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Call Duck Behaviour

My first pair of Calls were obtained when Pam Price of Knighton presented me with a pair of whites to house with some three or four month old black Swans I'd purchased. Swans are noted for being pugnacious towards other species and Pam thought, and events proved her right, that if my Swans were introduced to other livestock especially smaller species at that early age, they'd be more tolerant in adult life. These Calls grew on me because not only were they cute looking but their behaviour fascinating.

Over the years, as my Calls increased in number, I've overheard on more than one occasion passers by say "listen to that lot laughing!" Indeed a group of Calls do sound as if they are laughing, "Ha! Ha! Ha!" rapidly when heard from a distance. At shows it's not unknown for calls to be labelled those "noisy beggars" by the uninitiated but once you have started keeping them they don't seem half as noisy somehow.

Selection of pieds on their breeding pond

The devoted couple - each spring!
In comparison to large ducks, call females win hands down in the decibel stakes and they also make use of a wider vocal range. Drakes on the other hand, have similar voices to their large counterparts. Just as large ducks do, a call female will quack for instance to her ducklings or if she has strayed and temporarily lost sight of her mate but if danger threatens she will utter for a lengthy time a louder slower and more strident alarm call which can alert even other species for my geese often scurry onto the water in response. It's the rapid calling, "I’m lost!" or "where are you?" trait that wildfowlers of yesteryear would have utilised in decoying wild duck into the range of their guns.
Whilst a large duck will also quack away to her mate, madam call duck though will chat twenty to the dozen rate when she meets up with hers after a short absence or when she gets excitable at locking up time. However it's when she comes home having spent a day or two away at a show that she excels herself.
The whole proceedings have to be told in two minutes flat even if she is hoarse having quacked the whole time she was away. Her poor mate, as many a husband will know when his wife gets going, only manages a get a word in edgeways by saying "yes! yes! yes!" over and over again. (If you don't believe me have a listen!)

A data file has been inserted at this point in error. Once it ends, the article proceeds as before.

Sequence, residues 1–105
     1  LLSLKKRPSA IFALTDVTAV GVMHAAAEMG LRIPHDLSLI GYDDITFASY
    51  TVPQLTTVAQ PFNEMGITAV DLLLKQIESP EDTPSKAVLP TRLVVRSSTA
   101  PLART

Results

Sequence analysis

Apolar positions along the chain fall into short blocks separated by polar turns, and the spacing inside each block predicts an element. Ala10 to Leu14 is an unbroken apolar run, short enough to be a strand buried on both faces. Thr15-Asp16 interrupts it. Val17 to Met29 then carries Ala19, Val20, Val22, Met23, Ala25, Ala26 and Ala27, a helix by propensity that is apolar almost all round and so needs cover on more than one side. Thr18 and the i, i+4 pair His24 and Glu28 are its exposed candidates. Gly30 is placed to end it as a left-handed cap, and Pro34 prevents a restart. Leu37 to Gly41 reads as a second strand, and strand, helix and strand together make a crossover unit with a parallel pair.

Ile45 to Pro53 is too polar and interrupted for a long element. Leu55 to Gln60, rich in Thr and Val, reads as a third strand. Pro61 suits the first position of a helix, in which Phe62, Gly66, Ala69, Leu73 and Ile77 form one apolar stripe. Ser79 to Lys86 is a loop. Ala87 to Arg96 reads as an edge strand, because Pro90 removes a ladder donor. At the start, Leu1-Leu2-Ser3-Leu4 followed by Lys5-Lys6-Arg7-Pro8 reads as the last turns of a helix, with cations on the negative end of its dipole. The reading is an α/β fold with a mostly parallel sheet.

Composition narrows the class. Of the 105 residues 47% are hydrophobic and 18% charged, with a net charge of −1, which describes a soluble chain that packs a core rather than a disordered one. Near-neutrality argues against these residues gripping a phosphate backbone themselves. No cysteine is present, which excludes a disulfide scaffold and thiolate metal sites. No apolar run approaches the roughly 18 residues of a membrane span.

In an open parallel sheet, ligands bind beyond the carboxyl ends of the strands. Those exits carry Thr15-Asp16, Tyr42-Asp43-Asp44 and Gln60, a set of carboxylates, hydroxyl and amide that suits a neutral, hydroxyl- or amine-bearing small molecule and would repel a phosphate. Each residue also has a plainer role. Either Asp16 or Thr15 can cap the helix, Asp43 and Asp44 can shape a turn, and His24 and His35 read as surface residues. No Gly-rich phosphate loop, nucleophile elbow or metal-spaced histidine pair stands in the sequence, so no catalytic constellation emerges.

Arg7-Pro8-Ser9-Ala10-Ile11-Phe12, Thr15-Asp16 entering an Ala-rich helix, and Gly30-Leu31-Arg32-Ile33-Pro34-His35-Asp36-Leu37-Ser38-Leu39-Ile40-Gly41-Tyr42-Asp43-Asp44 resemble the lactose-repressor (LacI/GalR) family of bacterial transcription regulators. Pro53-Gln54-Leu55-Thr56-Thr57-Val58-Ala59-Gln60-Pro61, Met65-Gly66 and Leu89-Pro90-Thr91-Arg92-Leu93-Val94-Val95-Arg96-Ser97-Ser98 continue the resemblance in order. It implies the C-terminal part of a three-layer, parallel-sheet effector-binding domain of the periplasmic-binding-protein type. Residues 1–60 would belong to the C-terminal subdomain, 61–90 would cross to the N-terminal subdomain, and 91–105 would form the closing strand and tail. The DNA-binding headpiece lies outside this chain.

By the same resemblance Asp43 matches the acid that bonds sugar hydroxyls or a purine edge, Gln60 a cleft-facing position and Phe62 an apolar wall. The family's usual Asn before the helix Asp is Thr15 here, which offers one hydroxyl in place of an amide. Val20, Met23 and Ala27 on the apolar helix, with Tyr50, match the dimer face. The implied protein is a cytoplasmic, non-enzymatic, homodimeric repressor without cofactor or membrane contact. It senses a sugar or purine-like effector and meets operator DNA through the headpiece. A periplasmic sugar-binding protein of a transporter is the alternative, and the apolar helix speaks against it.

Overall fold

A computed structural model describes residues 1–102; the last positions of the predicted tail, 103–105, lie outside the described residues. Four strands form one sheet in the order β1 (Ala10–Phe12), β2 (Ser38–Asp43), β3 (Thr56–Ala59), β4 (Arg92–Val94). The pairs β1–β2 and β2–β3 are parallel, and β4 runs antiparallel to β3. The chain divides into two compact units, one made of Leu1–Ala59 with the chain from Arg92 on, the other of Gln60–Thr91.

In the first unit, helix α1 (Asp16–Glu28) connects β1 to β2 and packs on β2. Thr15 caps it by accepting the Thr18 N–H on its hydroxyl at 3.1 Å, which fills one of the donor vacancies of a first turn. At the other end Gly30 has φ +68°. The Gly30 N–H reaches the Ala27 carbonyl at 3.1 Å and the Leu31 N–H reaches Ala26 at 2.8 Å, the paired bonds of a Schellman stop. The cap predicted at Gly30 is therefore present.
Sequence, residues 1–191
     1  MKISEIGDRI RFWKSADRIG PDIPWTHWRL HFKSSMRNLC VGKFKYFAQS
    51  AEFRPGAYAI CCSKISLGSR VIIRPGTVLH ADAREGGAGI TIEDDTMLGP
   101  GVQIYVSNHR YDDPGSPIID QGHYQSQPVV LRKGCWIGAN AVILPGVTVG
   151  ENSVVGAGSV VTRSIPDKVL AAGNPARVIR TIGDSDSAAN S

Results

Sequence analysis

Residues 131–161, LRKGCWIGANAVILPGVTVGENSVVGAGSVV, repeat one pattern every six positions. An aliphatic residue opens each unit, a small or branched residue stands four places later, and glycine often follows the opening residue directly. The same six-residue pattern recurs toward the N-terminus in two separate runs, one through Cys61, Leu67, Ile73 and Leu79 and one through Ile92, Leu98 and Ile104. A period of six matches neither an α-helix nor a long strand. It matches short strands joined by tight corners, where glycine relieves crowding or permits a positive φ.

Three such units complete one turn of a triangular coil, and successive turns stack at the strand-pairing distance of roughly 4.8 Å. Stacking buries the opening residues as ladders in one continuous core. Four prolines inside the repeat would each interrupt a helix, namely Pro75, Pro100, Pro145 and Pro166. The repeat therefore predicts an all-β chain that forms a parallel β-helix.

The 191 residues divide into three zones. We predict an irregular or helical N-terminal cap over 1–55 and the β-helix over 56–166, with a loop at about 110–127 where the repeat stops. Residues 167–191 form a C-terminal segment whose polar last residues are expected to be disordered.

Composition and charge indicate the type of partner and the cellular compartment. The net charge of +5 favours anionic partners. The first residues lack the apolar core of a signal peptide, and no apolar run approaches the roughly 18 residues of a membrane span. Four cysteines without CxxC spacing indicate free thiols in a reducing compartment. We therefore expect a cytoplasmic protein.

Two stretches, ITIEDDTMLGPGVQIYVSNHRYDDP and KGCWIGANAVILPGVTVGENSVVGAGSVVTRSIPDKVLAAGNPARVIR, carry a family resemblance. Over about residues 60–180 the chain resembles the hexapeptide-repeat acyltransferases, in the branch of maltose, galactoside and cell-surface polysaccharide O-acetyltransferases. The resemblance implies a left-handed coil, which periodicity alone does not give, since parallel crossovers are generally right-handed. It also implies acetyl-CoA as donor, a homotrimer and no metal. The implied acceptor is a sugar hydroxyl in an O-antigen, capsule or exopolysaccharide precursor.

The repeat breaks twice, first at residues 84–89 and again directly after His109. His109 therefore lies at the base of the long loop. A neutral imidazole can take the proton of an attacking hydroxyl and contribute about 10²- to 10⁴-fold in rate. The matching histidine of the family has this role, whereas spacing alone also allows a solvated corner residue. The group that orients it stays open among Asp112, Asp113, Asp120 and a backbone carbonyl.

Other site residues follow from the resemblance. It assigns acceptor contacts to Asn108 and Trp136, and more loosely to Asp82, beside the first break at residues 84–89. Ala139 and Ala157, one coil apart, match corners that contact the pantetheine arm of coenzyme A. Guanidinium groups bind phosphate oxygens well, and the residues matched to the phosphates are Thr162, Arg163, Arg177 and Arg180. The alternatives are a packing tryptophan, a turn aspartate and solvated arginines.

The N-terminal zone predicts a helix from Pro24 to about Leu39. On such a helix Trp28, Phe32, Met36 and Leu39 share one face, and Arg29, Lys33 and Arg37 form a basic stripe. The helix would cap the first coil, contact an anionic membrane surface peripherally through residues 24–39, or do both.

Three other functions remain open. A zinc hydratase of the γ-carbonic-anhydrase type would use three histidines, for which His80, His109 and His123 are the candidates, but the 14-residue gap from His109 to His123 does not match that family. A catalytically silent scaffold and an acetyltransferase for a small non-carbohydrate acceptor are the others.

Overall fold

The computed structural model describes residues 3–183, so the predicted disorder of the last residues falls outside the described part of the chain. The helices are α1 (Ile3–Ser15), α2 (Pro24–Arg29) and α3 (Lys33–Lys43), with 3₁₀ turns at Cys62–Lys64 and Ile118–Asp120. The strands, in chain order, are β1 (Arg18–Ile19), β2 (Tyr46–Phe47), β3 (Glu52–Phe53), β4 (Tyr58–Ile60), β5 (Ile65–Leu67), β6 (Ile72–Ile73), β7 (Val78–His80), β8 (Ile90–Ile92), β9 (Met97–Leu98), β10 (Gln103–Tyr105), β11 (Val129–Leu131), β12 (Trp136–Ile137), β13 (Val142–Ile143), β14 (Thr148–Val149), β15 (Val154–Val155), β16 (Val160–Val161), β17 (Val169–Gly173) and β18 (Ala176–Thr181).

When it comes to the mating game, if her husband hasn't already done so, this little madam is not adverse to initiating the proceedings by bobbing her head up and down thereby getting the drake to reciprocate. This lasts a while before she stretches her neck out and flattens her back thus enticing her mate to mount and mate her. Sometimes though, all is fair in love and war and there can be a dramatic behavioural change as in this story of a happy threesome I once had – an apricot female, a blue fawn male and a blue silver male.

Snooze time in the orchard
All three lived for years on the small lake with the black swans and had the freedom to roam at will. Wherever one went the other two would follow. Now, although this apricot female had two husbands they never over mated their communal wife for her feathers were always pristine. However, each year, within a day or two of when she'd take herself off to incubate her eggs, the two drakes would go berserk. They would fly into pens where other calls were housed and rape anything they could lay their beaks on fighting off any offended drakes that dared to protest. To retrieve peace and to give time for their libido to subside, the offending rapists had to be banished annually to a sin bin by being incarcerated in an ark for a while. Incidentally, one wet winter these three managed to turn half an acre of grassland into a quagmire. When such conditions prevail calls turn into mini JCB's and mud mixers, proudly boasting their achievements by going around with smug looks and muddy tide marks right up to their eyes.
To conclude, I'd like to relate what befell the threesome. The apricot female and the blue silver drake mysteriously disappeared earlier this year. Whether a four legged or two legged fox got them or they flew out onto the river, I don't know there being no trace. However the remaining blue fawn drake proved he would not have been out of place living in the 1960's. Getting fed up of being alone he negotiated two fields, trounced a couple of drakes in a pen down there and went in for a spot of wife swapping. He's now got two he can justifiably quack, "I'm the king of the swingers, oh, the duck pond VIP!" and what's more, as a matter of interest – his was the beak up the swans derriere!
Alan Davies


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